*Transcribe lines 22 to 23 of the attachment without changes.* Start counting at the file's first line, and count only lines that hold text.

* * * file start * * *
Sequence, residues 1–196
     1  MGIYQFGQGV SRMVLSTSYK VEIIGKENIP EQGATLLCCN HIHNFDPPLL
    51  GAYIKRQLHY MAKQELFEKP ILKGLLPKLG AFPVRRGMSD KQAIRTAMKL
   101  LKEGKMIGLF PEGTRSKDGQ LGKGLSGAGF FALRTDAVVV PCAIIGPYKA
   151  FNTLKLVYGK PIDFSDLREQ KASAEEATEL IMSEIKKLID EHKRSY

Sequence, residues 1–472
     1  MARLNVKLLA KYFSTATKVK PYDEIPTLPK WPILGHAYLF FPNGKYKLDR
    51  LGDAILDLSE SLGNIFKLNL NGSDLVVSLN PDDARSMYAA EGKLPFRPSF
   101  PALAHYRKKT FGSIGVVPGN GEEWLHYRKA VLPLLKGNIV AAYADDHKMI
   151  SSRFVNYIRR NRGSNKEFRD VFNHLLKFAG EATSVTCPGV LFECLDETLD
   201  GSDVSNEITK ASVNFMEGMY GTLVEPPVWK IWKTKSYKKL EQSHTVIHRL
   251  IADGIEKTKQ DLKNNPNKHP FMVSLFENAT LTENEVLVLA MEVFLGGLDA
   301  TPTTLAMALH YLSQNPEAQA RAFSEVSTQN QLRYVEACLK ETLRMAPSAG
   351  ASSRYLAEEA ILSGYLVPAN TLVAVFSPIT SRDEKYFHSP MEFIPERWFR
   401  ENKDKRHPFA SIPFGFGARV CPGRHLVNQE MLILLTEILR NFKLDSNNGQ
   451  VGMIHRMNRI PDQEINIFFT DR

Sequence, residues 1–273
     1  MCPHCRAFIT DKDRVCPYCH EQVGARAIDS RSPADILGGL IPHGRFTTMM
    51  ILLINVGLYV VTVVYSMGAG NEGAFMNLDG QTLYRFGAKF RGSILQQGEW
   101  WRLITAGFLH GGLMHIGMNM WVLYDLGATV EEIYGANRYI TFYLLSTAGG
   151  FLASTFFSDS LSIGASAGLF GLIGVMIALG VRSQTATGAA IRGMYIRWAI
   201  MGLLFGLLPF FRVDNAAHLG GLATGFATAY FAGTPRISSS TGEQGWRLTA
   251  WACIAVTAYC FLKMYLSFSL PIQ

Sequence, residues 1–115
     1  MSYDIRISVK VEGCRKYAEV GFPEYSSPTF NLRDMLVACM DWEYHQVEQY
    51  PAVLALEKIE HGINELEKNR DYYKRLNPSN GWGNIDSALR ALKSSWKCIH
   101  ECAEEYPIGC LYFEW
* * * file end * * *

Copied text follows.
   201  MGLLFGLLPF FRVDNAAHLG GLATGFATAY FAGTPRISSS TGEQGWRLTA
   251  WACIAVTAYC FLKMYLSFSL PIQ